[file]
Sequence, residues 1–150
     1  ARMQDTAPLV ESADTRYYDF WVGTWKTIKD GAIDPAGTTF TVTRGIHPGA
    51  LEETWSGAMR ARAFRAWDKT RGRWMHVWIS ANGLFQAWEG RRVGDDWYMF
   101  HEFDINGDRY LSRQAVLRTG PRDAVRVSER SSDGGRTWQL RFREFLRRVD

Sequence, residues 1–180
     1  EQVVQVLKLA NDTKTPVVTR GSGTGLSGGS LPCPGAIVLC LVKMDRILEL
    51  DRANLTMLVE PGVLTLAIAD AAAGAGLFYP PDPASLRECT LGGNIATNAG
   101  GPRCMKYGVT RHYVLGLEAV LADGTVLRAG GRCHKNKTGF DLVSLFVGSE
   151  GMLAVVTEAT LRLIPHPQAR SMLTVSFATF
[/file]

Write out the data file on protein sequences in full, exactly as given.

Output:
Sequence, residues 1–150
     1  ARMQDTAPLV ESADTRYYDF WVGTWKTIKD GAIDPAGTTF TVTRGIHPGA
    51  LEETWSGAMR ARAFRAWDKT RGRWMHVWIS ANGLFQAWEG RRVGDDWYMF
   101  HEFDINGDRY LSRQAVLRTG PRDAVRVSER SSDGGRTWQL RFREFLRRVD

Sequence, residues 1–180
     1  EQVVQVLKLA NDTKTPVVTR GSGTGLSGGS LPCPGAIVLC LVKMDRILEL
    51  DRANLTMLVE PGVLTLAIAD AAAGAGLFYP PDPASLRECT LGGNIATNAG
   101  GPRCMKYGVT RHYVLGLEAV LADGTVLRAG GRCHKNKTGF DLVSLFVGSE
   151  GMLAVVTEAT LRLIPHPQAR SMLTVSFATF